Shared By Deborah Goonan, Independent American Communities
Short-term rentals are a contentious issue in some Association-Governed Communities. It seems that neighborhoods are divided between investor-owners who want positive cash flow and owner-occupants who want peace, quiet, and familiar neighbors. But if you purchase property in a resort community or a hot vacation destination, isn’t it unrealistic to expect a truly residential neighborhood? And with housing costs so out of control, it’s hard to blame homeowners for taking on the occasional AirBnB or VRBO guest to supplement their incomes.
New Arizona Law Could Affect Homeowner Associations
This lawsuit makes clear that, in the state of Indiana, a simple majority of your neighbors can impose the obligations of an Owners Association on you, like it or not, by way of amending Covenants that run with the land.
COA orders couple to pay fees to lot owner’s association
Oliva Covington, Indiana Lawyer
The Indiana Court of Appeals has ordered a couple to pay a Bartholomew County lot owner’s association $6,000 in assessment fees despite the couple’s claim that they are not members of the association.
In the case of Marvin Hamilton and Linda Hamilton v. Schaefer Lake Lot Owners Association, Inc., 03A05-1511-SC-1906, Marvin and Linda Hamilton challenged the Bartholomew Superior Court’s order to pay a total of $6,000 to the Schaefer Lake Lot Owners Association, a homeowners association for property owners on Schaefer Lake in the town of Hope.
Some in the community management industry have voiced opposition to HUD’s new rule. Others applaud it. Here is one attorney’s summary of an Association’s obligations to address discriminatory behavior related to Fair Housing Law. No, the sky is not falling. Since an Association-Governed Community can fine a resident for not keeping the trash can in the garage, or hanging unauthorized holiday decorations on the condo unit’s door, why not take similar action to stop discrimination?
NEW FAIR HOUSING RULE: BOARDS MUST BE PROACTIVE IN ADDRESSING HARASSMENT OF RESIDENTS
The U.S. Department of Housing and Urban Development (HUD) has adopted new regulations regarding discrimination in condominium and homeowners association that will impact a board’s obligations and potential liability in certain owner disputes.
Under the new regulations, Associations may be liable under the Fair Housing Act for the discriminatory actions of residents who harass or create a hostile environment for other residents.
The Fair Housing Act prohibits harassment in housing and housing-related transactions against a person because of race, color, religion, sex, national origin, disability, and familial status. The protections provided by the Fair Housing Act apply to an owner’s use and enjoyment of their home.
Under the new regulations—which became effective as of October 14, 2016—an Association may be liable for “Failing to take prompt action to correct and end a discriminatory housing practice by a third-party, where the [the Association] knew or should have known of the discriminatory conduct and had the power to correct it.” For the purposes of this rule, the third-party can be another owner or resident in the association.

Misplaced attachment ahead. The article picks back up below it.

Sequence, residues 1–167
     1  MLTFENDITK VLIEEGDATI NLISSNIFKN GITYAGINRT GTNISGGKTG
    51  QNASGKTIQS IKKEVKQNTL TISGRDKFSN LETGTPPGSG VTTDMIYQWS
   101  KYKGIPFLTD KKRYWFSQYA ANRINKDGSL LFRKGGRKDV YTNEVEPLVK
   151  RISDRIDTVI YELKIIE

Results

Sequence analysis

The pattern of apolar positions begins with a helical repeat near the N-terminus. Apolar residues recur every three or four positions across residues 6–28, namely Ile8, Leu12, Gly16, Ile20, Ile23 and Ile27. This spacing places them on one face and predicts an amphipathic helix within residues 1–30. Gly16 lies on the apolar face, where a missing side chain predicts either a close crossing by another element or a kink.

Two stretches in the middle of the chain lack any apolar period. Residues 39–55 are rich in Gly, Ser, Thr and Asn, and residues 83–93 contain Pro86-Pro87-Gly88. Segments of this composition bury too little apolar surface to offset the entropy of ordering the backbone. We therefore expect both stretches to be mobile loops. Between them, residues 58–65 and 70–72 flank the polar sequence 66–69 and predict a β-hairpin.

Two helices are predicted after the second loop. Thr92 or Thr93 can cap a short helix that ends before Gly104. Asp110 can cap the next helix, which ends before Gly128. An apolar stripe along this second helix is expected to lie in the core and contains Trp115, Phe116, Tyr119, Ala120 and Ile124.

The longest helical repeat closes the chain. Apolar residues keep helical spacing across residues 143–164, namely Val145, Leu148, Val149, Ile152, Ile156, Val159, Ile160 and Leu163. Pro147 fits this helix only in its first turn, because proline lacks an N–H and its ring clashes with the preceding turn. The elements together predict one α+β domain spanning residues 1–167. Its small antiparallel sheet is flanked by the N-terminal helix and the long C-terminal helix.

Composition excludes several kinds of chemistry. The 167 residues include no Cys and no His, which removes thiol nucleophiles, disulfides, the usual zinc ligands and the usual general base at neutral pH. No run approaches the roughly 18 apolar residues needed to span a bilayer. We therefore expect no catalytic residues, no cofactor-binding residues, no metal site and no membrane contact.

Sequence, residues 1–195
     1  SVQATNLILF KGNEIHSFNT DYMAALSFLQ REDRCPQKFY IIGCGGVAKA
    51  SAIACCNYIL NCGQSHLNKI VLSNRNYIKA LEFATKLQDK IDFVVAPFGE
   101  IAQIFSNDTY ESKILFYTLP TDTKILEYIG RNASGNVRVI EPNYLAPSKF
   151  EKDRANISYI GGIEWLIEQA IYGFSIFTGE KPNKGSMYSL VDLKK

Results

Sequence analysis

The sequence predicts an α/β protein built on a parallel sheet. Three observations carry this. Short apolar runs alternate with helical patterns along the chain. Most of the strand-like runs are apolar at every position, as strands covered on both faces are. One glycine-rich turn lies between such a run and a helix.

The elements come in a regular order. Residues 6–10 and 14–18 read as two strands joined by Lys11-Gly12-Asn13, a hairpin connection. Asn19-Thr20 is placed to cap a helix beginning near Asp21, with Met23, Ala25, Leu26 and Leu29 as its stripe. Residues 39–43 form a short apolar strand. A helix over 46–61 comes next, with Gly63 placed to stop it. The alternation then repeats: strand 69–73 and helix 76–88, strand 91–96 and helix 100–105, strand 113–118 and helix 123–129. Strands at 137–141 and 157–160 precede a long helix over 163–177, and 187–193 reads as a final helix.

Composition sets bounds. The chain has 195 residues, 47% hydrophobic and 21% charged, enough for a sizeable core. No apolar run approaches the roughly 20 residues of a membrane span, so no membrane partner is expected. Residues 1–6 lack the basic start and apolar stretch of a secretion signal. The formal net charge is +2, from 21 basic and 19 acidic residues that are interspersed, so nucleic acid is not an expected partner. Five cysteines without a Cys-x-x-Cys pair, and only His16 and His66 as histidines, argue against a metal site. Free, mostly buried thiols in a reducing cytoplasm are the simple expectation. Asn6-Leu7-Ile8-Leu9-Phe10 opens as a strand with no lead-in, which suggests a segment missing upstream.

Read more here.
Maryland statute now requires additional sale disclosure documents, and puts a cap on fees that can be charged for those disclosures – $250, plus an additional $100 for rush charges. Small steps in the right direction.
Maryland Condo and HOA Resale Disclosure Law Revised
Thomas Schild law Grop LLC
New resale disclosure requirements for Maryland condominiums and homeowner associations apply beginning October 1, 2016. Condos will now be required to provide prospective purchasers with the current reserve study report or a summary of the report, and a statement of the status and amount of any reserve or replacement fund. There are also changes regarding disclosure of unsatisfied judgments against the condominium and pending lawsuits to which the condominium is a party.
This amendment was predictable, because CAI LACs have been successfully undoing open meeting legislation in other states, beginning with Florida. The problem with holding these discussion meetings in private and by email is that there is no required record of these workshops. Only the motion and vote is required to take place at an open meeting. But that further reduces transparency for owners.
New law loosens restrictions on community association board meetings
By Pamela Dittmer McKuen, Chicago Tribune
For community associations, change is afoot.
New legislation will ease some of the restrictions on how board members conduct their affairs, allowing them to convene privately for an expanded number of reasons starting Jan. 1, 2017.
Both the Illinois Condominium Property Act and the Common Interest Community Association Act were amended by Public Act 099-0567 to allow closed meetings to discuss the following: probable or pending litigation, third-party contracts and employment issues, violations of the rules and regulations of the association and an owner’s unpaid share of common expenses. Boards also may interview prospective employees and contractors and consult with the association’s attorney.
The current law allows boards to discuss only litigation, employment, rules violations and delinquent owner accounts in closed meetings — sometimes called executive sessions — that take place within the framework of a properly noticed meeting open to all owners. That is, the board calls an open meeting, recesses for the closed session, and then reassembles for the open session.
With the new legislation, boards can meet at any time to discuss the sanctioned issues. They can communicate in person, on the telephone or via email. However, like the current legislation, the amended version requires all voting be done in open meetings.
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